Trainers use different techniques, but the simplest is rewarding the correct action with food or praise. A love of animals may lead you to this field, but patience and good communication are essential, as is the willingness to handle the unglamorous care and upkeep of animals. The work can be physically strenuous, especially with large animals. Entry into this field may be through vocational training programs or apprenticeships.
The more exotic jobs in venues such as movies or TV, zoos, and research facilities may require a bachelor’s degree and specialized skills such as SCUBA diving. The pay is generally low. Many trainers also find work at kennels, stables, and grooming services to supplement their income.
U.S. Customs and Border Protection Career Video Transcript
In this episode, we visit the K-9 training site which is part of the U.S. Customs and Border Protection. These working dogs are trained to search and find illegal drugs. Meet Bridget, she helps train the dogs for working at airports, vehicle stops, and other U.S. border locations.
Our agency usually starts with Labs, German Shephards, or Belgian Malinois. They usually have a higher drive and they are more motivated to work. We do a 12 weeks training with them. During that 12 weeks, we’ll introduce them to a lot of different environments. We start training on the illegal drug orders and once they get really good at that, we bring in the handlers. We team them up with certain dogs on personalities and where they are going and then for another several weeks they train with that team handler. After that, once their 12 week is over, they’ll go all across the nation into the workforce. My favorite part is when my dog does find illegal drugs. It makes all our practice and hard work that we put into it pay off.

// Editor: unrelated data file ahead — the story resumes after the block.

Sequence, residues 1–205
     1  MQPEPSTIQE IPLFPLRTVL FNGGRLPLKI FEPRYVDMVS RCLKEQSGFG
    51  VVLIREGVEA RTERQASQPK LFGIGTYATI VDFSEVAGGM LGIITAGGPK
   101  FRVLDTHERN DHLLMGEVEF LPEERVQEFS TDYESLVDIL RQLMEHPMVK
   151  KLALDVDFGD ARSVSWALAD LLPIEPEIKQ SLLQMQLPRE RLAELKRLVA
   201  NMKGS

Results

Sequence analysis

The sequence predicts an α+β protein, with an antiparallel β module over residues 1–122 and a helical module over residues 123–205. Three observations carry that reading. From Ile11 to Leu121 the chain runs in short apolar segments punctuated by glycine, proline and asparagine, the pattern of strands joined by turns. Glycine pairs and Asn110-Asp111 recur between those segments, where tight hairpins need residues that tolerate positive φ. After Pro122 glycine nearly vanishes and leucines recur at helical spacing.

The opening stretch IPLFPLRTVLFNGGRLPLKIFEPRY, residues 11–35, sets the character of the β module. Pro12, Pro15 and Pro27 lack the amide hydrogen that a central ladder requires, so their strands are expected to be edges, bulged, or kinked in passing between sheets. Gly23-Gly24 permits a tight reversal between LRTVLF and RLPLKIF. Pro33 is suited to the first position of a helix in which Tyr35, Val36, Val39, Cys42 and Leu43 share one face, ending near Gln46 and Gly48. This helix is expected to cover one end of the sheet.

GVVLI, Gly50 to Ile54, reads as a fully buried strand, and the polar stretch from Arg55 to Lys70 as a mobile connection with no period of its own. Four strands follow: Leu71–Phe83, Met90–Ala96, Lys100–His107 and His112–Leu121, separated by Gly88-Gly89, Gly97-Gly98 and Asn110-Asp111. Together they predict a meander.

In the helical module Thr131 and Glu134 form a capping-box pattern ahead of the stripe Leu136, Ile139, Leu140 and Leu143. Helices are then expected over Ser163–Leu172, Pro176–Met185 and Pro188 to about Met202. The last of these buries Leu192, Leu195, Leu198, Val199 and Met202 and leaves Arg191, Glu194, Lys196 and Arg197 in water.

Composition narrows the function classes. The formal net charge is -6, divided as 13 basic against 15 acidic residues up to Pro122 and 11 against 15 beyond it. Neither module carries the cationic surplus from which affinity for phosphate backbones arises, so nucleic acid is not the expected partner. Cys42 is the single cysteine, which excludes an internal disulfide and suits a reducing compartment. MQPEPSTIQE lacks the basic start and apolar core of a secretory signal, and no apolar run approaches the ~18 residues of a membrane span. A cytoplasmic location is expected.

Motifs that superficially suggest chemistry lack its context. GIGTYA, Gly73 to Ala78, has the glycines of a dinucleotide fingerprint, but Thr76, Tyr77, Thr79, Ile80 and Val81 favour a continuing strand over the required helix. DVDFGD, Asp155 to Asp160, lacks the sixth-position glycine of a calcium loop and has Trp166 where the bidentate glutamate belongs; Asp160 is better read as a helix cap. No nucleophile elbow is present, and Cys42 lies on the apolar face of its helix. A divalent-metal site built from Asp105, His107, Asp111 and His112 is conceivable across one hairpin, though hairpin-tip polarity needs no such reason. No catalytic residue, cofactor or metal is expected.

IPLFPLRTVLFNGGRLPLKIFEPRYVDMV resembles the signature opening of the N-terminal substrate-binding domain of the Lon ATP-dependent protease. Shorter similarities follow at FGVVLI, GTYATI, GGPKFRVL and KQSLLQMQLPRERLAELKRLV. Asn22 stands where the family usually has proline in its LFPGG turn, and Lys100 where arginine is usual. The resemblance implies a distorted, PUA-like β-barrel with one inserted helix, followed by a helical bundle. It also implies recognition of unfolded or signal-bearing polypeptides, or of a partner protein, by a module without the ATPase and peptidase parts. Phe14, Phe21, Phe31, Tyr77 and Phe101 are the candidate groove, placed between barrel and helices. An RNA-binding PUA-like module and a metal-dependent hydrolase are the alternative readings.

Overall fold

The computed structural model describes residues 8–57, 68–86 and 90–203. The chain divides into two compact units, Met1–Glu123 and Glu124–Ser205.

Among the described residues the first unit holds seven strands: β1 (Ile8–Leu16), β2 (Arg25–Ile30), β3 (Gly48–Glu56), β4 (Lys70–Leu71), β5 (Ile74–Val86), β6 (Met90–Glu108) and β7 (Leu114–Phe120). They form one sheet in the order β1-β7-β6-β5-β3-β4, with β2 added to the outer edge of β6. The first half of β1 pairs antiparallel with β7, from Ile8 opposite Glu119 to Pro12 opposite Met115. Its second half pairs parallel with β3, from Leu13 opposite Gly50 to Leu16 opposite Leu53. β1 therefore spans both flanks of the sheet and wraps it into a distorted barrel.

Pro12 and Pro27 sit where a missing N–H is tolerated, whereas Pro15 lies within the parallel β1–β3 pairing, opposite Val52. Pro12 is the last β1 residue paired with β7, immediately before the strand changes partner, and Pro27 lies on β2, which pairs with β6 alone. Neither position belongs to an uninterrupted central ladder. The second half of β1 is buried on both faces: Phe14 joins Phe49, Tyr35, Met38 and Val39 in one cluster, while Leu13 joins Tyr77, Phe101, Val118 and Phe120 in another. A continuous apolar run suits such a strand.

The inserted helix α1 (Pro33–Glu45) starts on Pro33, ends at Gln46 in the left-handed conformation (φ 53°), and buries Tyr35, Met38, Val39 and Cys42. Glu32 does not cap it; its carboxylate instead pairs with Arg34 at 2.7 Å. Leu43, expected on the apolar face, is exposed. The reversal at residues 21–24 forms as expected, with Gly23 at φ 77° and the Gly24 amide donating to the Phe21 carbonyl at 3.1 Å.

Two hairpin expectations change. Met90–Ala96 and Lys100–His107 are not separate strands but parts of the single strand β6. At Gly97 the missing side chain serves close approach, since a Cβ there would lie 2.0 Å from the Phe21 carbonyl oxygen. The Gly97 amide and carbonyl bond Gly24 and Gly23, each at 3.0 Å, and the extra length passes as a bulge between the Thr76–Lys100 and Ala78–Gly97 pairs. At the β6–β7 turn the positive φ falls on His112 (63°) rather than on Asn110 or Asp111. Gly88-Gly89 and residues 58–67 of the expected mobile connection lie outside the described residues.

Any tips for training dogs? My number one tip would be to be consistent. For example, when you’re trying to play a sport like baseball, you got to do a lot of practicing to get better. The same thing with your dog. He needs a lot of practice and encouragement to get better. I’d have to say the easiest thing to train a dog with with would be verbal praise and then a rewards system that could go from anywhere from a plastic pipe to a rubber hose. The praise it just stimulates them. Every dog works for it, they want to make their owners happy, so they work hard for that. Learn more about the canine program at cbp.gov (link opens in a new tab).
Bureau of Labor Statistics, U.S. Department of Labor, Occupational Outlook Handbook, Animal Trainers.
National Center for O*NET Development. 39-2011.00. O*NET OnLine.
First Video: The animal trainer career video is Public Domain from the U. S. Department of Labor, Employment and Training Administration.
Second Video: The U.S. Customs and Border Protection Career Video is in the Public Domain and originally hosted on Kids.gov which is now USA.gov, an interagency product administered by USAGov, a division of the U.S. General Services Administration’s Technology Transformation Service.